State making right call on cell phones

By all indications, it will soon be illegal to talk on your hand-held cell phone while driving in Delaware, as well as texting or accessing e-mail or the Internet while behind the wheel.

The State House of Representatives voted 33-5 to approve the ban, and seven state senators have sponsored the bill (the bill only needs 11 votes to pass the Senate). It would appear the governor will ultimately sign the bill if it indeed passes the Senate and comes across his desk.

Drivers would still be able to talk on their cell phones via hands-free methods, including wired headphones, Bluetooth devices or other techniques.

We completely agree with the bill.

According to a Harvard Center of Risk Analysis study, cell phones are thought to be contributing causes in 6 percent of crashes. If that number is indeed accurate, cell phones play a role in about 2,600 U.S. traffic deaths annually, according to officials. Janet Froetscher, of the National Safety Council, said that some studies show talking on cell phones put drivers at a four times greater risk of a crash.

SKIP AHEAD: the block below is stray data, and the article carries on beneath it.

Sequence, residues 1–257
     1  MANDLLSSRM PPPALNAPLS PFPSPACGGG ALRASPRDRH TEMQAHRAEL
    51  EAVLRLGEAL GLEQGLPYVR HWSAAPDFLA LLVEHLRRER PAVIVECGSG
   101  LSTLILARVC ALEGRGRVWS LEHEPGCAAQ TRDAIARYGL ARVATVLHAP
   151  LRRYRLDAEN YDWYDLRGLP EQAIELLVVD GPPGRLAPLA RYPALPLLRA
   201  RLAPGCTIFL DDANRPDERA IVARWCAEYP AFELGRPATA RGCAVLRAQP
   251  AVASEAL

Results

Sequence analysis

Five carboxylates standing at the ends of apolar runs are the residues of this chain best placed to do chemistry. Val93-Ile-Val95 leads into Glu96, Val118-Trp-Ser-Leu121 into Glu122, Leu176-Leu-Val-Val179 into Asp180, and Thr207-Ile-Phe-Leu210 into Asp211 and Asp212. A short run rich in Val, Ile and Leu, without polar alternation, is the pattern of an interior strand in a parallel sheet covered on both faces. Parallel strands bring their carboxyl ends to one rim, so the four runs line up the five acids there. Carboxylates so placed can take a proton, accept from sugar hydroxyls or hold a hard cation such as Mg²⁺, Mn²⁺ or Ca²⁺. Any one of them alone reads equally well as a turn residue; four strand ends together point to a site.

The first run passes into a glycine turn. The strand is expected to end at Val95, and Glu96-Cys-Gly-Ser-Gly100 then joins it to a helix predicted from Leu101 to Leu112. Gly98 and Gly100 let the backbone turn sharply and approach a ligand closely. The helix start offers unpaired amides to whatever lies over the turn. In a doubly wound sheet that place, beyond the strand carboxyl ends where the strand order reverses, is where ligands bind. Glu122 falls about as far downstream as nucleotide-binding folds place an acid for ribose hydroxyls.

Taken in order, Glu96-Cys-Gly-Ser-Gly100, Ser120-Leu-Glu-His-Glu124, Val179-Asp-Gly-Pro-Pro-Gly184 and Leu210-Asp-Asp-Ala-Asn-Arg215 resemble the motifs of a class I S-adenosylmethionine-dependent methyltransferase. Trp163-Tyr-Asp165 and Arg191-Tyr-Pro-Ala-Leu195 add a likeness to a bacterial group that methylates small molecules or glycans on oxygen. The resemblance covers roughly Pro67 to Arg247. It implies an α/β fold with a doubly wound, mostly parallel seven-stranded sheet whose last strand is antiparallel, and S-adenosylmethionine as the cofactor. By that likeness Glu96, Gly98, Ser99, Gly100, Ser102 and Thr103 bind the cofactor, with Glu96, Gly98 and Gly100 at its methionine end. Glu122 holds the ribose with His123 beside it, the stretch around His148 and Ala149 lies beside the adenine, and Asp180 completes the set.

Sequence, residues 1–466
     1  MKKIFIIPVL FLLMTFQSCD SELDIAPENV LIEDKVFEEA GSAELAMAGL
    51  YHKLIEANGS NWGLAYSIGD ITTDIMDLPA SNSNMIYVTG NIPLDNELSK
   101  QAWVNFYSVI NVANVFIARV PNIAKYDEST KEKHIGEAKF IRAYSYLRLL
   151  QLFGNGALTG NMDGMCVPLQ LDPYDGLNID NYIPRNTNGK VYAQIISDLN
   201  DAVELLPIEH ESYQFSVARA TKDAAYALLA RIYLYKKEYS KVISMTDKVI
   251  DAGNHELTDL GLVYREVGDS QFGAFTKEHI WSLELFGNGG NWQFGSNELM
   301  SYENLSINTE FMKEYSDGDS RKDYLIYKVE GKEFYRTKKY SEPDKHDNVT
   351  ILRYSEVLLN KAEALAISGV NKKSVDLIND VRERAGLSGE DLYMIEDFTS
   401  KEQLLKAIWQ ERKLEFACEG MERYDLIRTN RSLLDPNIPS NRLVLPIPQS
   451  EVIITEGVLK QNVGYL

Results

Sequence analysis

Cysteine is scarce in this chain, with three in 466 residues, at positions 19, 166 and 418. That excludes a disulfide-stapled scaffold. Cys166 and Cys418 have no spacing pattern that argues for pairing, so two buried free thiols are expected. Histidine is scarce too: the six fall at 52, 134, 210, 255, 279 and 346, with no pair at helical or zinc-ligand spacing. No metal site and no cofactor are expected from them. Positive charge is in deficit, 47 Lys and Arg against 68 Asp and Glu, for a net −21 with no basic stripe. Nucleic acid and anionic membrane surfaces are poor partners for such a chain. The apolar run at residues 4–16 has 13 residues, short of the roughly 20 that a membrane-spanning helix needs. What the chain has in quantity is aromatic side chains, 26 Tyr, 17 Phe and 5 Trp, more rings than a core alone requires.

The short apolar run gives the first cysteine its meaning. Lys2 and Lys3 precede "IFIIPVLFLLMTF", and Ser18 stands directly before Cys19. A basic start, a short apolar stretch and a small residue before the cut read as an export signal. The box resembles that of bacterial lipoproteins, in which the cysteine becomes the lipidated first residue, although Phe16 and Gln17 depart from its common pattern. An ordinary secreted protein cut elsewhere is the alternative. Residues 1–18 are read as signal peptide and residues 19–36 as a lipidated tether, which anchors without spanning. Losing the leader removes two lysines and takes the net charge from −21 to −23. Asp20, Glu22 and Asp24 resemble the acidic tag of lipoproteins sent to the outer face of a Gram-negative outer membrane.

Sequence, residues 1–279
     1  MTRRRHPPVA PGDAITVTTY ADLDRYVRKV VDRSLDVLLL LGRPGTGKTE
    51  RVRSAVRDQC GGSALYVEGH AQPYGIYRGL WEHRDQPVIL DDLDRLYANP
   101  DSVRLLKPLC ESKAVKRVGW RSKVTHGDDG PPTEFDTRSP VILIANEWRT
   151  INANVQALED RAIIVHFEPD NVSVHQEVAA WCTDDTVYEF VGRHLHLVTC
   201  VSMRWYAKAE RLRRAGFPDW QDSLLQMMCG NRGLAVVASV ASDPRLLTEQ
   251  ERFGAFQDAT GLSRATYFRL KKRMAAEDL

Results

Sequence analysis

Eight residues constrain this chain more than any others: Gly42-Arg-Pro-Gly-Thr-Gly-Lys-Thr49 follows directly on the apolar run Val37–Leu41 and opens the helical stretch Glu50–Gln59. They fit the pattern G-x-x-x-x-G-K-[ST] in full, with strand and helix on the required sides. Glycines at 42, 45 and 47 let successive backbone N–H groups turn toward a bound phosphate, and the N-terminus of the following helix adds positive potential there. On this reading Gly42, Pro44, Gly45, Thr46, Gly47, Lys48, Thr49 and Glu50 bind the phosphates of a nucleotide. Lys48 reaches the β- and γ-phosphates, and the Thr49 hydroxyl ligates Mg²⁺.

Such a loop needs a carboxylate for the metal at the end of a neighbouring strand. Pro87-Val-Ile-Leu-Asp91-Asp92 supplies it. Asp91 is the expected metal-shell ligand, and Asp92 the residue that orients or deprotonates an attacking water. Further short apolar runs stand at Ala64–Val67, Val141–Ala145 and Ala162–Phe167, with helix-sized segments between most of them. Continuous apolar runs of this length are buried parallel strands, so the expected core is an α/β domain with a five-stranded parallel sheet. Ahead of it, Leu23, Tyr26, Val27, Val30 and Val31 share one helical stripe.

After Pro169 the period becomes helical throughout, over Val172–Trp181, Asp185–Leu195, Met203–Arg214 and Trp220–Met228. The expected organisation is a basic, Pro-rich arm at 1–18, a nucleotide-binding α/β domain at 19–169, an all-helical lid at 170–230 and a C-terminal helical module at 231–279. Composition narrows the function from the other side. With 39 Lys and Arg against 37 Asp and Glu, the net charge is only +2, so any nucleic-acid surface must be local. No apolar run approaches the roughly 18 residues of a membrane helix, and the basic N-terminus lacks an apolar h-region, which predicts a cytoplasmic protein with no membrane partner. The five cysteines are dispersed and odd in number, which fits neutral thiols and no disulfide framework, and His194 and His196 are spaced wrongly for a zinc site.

Those are significant numbers, and just should not be ignored.

There are those out there who feels the government is being too obtrusive on this one, interfering with how we live our day-to-day lives and telling us what we can and can not do individually. That just doesn’t hold water on this issue.

This is about public safety. Keep in mind that a person who gets in a car accident because he or she was talking on the cell phone does not only put themselves at risk. They endanger everybody. It’s like drunk driving — the innocent often pay.

Also, the government’s first responsibility should be to protect its citizens, above any other duties. We could also point out that, as we all know, driving is not a right, it’s a privilege.
Cell phones have had a hugely significant impact on people’s lives. We use them for e-mail, the Internet, music, games and, oh yeah, talking to people. They keep us in close contact with family, friends and work. They have become vital instruments in navigating through our busy lives.

But they are dangerous to use while driving. You are always a moment away from tragedy when driving a vehicle, and any distraction puts you, and those sharing the roads with you, in danger.

We applaud the state House for their vote on this issue, and hope the Senate follows suit. There are many issues out there that can spur real debate. This should not be one of them.